Networking With Purpose

Eight ways to build stronger relationships

8 August 2014

The following is a version of an article that originally appeared in the December 2013 issue of IEEE-USA Today’s Engineer.

If you’re unemployed and looking to get back into the workforce, or just want to take the next step in your career, networking is important. But even if you have a job, and are happy with it, that doesn’t diminish the value of building a strong professional network. Your contacts can prove to be a priceless source of unadvertised job leads. Cultivating, generously supporting, and managing your relationships can open doors to new opportunities.

Here are eight ways to connect with and leave a lasting impression on people who could help you attain your career goals.

  1. Determine which industry or type of employer would be the best fit for you, and where you most want to work.
  2. Take stock of what makes you valuable, including your skills, knowledge, talent, professional relationships, and work experience.
  3. Position yourself as the go-to expert in your job. Share your success stories with those you are networking with to confirm your ability to meet challenges, reduce costs, increase revenue, and improve processes.
  4. Make sure to practice your elevator pitch in which you succinctly state your work experience, demonstrate your value, and express what you are looking for in a job.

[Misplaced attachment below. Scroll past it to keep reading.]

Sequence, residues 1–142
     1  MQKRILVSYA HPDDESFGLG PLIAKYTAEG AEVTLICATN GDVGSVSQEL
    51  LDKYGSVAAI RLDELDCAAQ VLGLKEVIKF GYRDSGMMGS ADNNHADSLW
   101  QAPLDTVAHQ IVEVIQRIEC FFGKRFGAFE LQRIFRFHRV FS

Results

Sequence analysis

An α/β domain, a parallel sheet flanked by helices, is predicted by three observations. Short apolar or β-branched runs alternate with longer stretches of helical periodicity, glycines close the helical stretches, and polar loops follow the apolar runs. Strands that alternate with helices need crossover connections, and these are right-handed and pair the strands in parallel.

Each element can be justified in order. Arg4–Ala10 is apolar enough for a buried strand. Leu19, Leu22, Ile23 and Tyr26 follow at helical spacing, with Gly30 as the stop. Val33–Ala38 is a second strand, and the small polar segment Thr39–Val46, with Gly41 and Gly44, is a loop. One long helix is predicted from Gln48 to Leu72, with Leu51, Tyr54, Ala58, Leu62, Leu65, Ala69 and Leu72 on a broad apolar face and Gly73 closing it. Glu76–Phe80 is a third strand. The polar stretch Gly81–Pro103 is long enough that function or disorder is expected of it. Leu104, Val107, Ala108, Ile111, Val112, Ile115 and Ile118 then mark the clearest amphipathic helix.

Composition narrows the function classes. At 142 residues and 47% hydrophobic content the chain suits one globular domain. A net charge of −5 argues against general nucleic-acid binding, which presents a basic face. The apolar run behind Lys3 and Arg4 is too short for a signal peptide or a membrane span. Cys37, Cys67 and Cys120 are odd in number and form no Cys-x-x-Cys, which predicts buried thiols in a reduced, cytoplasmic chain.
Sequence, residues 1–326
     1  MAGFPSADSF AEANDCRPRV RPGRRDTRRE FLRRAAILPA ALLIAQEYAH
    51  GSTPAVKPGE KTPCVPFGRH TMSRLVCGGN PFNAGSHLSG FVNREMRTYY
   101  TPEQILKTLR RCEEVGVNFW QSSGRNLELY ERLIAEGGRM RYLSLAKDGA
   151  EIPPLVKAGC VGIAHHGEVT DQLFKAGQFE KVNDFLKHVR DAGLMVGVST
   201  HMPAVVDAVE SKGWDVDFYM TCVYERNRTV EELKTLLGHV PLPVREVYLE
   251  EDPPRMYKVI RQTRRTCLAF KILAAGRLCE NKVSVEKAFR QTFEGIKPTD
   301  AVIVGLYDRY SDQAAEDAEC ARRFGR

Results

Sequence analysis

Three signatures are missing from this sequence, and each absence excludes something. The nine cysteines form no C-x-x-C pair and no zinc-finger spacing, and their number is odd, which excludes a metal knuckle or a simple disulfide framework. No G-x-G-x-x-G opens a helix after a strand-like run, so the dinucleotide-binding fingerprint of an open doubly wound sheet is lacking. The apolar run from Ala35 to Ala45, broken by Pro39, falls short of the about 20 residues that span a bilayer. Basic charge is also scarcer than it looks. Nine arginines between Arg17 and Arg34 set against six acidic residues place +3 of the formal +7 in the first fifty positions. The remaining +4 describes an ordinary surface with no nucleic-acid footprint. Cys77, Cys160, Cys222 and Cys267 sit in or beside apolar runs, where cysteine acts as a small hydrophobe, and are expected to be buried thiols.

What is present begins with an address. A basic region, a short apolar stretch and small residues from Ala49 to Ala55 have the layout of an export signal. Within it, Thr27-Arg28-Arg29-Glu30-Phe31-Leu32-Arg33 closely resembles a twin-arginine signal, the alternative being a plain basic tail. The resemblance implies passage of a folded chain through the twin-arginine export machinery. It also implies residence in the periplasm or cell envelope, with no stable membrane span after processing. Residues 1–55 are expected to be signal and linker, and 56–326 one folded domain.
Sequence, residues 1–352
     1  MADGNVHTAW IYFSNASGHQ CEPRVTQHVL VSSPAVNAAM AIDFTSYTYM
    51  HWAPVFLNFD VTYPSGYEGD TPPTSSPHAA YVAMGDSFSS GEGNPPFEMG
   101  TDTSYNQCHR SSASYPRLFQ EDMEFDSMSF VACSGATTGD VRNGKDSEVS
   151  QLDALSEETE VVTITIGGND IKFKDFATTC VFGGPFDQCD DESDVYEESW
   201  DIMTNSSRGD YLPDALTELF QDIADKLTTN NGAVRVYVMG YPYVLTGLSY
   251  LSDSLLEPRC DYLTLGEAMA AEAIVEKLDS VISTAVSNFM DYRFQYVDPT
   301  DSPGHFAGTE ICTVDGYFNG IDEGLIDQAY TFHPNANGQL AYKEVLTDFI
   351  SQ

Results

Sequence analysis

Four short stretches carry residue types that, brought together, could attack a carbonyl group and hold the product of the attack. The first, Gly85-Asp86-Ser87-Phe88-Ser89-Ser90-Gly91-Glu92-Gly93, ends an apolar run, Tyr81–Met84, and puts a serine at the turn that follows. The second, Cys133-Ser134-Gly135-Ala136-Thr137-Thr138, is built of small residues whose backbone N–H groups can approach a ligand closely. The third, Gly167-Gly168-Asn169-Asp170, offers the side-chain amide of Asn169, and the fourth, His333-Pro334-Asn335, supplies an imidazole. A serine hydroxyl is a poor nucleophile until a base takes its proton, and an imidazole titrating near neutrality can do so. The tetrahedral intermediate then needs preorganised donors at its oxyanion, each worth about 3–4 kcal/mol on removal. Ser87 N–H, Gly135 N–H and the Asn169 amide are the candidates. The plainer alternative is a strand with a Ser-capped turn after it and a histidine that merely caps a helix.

5. Make sure your contacts have easy access to your résumé, LinkedIn profile, white papers you’ve written, and other resources.
  6. Participate in virtual and in-person events such as job fairs so that you can meet—and promote yourself to—new contacts.
  7. Be patient. Don’t expect instant results; relationships take time. Not all networking interactions will be immediately rewarding, but they may lead to a great opportunity down the line.  
  8. Don’t ignore or abandon relationships. The next time you find yourself in the job market or one of your contacts needs help, you should be able to rely on each other, and not first have to reestablish a connection. Once you are part of an inner circle, nurture your relationships to create a loyal, mutually beneficial network. If you don’t, you will find yourself playing catch-up while other job seekers are privy to the inside information that could have been yours. Networking is forever.

Debra Feldman is a career consultant and founder of Job Whiz.

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